Senior Kevin Hong demonstrates the playing of the qeej from the Hmong culture, which originates in southern China. Photo by Sara Koopai
This year’s CulturalFest was expected to be “the biggest and best yet” in the eyes of John Charlton, manager of community programs with the Foundation for International Understanding Through Students (FIUTS).
“The organization has drastically expanded, enabling them to host this festival as their largest campus-wide event of the year,” Charlton said.
Last Friday marked the date of FIUTS’ annual CulturalFest, where participants were asked to “travel the world in a day.” It presented a unique opportunity to see more than 30 international cultures that are present throughout campus.
Senior Austin Mesina, a member of the Filipino American Student Association, participated in the event last year and especially enjoyed watching young kids learn the traditional Filipino dance, “tinikling.”
Mesina said that teaching the kids something experientially was better than having them learn through just questions and answers.
With more performances and students involved than ever before, the turnout did not disappoint. Hundreds of school children weaved their way through the crowd to collect passport stamps from visiting booths that represented different countries. The booths had a number of interactive learning opportunities including belly dancing, marshmallow Eiffel Tower building, and playing with Chinese yo-yos.
The day was split into three main parts: the International Cultural Expo; a reception and silent auction; and the Cultural Music and Dance Showcase.
The International Cultural Expo welcomed UW faculty and students, elementary schools, and the general Puget Sound public to experience an interactive learning environment at numerous booths in Meany Hall.
At the Italian booth, seniors Rosin Saez and Matthew Fitzgerald, both Italian studies majors, taught children a traditional Italian dance called “Giro, Giro, Tondo” and let them try on carnival masks.
Saez said her goal of the event was to give people the chance to feel Italian for “a snapshot of a moment.”
In comparison to the previous CulturalFest, Saez said that this year was larger, so organizers had to be more prepared.
CulturalFest began with the objective of serving as a vehicle to “formalize desire to highlight cultures from around the world and create a repeating event rather than something more informal and ad hoc,” Charlton said.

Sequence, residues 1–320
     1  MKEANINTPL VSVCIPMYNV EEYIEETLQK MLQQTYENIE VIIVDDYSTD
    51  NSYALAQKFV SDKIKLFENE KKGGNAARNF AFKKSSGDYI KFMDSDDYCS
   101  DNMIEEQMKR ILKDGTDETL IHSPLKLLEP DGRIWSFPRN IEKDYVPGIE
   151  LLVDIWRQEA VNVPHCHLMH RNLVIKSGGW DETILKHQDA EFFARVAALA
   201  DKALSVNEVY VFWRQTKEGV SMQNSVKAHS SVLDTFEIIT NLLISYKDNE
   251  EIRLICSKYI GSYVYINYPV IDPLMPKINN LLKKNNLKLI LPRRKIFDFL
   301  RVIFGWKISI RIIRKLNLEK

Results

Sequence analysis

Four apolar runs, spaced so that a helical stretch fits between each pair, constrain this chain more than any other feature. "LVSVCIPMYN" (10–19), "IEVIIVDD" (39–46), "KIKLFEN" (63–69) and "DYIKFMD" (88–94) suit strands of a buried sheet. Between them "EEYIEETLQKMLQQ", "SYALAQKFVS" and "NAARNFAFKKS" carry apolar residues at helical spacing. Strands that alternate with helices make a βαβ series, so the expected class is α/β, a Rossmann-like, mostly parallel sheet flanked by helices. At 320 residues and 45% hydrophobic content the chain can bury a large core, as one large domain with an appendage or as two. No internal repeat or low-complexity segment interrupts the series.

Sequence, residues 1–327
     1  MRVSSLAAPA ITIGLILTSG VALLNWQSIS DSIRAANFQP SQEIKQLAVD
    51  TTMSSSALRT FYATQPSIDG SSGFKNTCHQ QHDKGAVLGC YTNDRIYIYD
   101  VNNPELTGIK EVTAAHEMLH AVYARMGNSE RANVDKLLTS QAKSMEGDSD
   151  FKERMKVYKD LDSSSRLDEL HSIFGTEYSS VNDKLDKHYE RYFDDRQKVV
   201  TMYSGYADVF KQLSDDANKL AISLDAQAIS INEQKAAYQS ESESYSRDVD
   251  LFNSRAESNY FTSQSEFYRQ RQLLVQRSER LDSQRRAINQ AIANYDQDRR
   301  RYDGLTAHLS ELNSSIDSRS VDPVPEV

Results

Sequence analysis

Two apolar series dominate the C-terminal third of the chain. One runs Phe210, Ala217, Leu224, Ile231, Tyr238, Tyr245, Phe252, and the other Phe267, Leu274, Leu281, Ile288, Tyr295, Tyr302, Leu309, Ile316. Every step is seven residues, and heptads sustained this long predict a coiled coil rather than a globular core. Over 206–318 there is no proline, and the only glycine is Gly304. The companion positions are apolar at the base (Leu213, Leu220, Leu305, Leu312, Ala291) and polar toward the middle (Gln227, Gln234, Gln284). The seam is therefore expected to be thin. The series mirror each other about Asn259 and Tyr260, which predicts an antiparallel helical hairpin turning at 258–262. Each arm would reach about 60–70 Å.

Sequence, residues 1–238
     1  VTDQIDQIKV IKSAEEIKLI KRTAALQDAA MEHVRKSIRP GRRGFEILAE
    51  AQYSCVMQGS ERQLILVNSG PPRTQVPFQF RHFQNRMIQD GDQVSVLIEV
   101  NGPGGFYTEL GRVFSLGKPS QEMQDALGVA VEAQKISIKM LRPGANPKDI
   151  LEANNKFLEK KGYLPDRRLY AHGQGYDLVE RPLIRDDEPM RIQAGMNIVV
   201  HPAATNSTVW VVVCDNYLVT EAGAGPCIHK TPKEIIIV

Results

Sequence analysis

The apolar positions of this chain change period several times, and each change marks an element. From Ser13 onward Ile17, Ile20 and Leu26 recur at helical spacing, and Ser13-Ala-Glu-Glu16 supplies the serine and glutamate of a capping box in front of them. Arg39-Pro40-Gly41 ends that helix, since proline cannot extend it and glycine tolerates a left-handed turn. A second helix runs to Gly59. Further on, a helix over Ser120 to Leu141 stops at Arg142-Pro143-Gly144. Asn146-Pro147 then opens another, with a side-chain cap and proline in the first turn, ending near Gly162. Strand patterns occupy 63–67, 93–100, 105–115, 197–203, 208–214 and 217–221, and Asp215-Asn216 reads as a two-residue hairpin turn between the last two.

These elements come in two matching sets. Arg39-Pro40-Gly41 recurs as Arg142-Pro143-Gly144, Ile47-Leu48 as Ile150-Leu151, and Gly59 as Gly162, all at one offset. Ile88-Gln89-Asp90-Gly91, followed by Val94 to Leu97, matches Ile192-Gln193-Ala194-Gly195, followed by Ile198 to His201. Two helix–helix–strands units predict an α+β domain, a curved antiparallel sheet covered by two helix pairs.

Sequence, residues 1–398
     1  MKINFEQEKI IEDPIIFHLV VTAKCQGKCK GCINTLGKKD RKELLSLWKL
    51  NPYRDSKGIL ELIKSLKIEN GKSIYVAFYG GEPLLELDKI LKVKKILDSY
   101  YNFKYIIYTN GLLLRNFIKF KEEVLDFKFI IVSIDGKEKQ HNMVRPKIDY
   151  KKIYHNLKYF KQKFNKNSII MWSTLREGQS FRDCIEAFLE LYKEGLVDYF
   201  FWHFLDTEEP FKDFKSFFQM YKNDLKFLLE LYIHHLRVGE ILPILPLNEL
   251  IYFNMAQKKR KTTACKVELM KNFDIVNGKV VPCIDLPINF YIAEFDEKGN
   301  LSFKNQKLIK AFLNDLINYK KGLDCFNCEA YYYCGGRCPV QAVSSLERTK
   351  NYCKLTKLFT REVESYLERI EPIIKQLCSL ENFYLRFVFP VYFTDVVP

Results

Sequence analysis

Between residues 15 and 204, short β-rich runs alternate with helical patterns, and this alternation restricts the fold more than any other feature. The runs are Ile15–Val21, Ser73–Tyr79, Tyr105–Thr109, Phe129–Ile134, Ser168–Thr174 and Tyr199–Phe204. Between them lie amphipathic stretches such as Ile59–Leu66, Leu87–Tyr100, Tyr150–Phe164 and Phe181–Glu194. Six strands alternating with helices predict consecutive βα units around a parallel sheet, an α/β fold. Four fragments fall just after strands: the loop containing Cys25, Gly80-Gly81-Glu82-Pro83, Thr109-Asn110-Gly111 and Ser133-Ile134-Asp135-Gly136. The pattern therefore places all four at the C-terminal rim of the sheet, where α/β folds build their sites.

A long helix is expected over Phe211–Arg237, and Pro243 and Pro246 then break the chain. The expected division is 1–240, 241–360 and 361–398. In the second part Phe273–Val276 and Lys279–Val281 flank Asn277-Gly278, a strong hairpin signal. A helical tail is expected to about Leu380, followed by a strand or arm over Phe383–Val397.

Not only was there representation of large countries including China, but also small minority groups such as the Hmong, a southeast Asian ethnic group. The population of Hmong is only 200,000 in the United States.
Junior Angelia Cha said Hmong is more than a culture of religion and language. She wanted to be a part of this year’s CulturalFest to spread the word about Hmong and see other cultures.
Following the expo was a reception and silent auction. Items up for bid this year varied greatly in value — from an intricate Tibetan picture frame to theater tickets.
The third and main activity of the evening was the Cultural Music and Dance Showcase, which consisted of onstage performances by 10 UW student acts.
Proceeds from the auction and showcase ticket sales went to fund FIUTS programs such as local home-stay and International Student Orientation.
Charlton said the aims of the event are to promote student leadership at the university, to learn respect for other countries, and to promote a desire to expand knowledge. He also hoped to leave a lasting effect on the community with an understanding of effective communication between cultures.
FIUTS has been affiliated with the UW since the 1940s, yet this is only the second year that CulturalFest has been a major affair. FIUTS is a nonprofit organization founded by staff and faculty to bring cultural integration and awareness to the UW.
“[Visitors] see things [they] have never seen before, meet people [they] have never met before, and learn more about the world,” Charlton said. “As a result, [they] become better global citizens.”
Reach contributing writer Laurel Rice at firstname.lastname@example.org.
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